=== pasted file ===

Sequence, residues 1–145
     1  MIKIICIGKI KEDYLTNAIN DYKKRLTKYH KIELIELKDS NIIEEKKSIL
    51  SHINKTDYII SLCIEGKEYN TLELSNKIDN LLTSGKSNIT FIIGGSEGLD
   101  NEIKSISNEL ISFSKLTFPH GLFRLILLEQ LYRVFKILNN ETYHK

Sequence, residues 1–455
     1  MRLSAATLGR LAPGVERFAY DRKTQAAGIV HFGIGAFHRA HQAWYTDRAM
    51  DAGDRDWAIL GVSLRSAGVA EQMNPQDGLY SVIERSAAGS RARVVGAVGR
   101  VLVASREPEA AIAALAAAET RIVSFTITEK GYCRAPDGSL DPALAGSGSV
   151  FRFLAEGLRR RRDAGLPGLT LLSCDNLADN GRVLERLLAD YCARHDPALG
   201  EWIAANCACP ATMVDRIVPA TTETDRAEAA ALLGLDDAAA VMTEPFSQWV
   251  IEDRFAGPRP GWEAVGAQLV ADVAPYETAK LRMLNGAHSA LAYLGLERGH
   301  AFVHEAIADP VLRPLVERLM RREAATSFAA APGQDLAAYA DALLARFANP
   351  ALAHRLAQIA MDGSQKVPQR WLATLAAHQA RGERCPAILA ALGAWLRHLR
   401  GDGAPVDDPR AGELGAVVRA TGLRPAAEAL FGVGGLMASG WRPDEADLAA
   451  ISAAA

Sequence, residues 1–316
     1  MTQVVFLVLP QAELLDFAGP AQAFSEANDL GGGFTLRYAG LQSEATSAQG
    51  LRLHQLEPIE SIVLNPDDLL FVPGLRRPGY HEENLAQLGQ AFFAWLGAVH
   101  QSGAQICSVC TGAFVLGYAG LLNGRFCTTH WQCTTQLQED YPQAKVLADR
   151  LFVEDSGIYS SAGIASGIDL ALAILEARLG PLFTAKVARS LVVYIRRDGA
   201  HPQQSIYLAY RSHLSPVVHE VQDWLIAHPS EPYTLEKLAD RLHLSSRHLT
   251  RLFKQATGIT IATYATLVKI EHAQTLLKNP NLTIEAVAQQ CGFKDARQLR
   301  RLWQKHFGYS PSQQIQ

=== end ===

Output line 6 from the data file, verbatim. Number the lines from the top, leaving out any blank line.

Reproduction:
     1  MRLSAATLGR LAPGVERFAY DRKTQAAGIV HFGIGAFHRA HQAWYTDRAM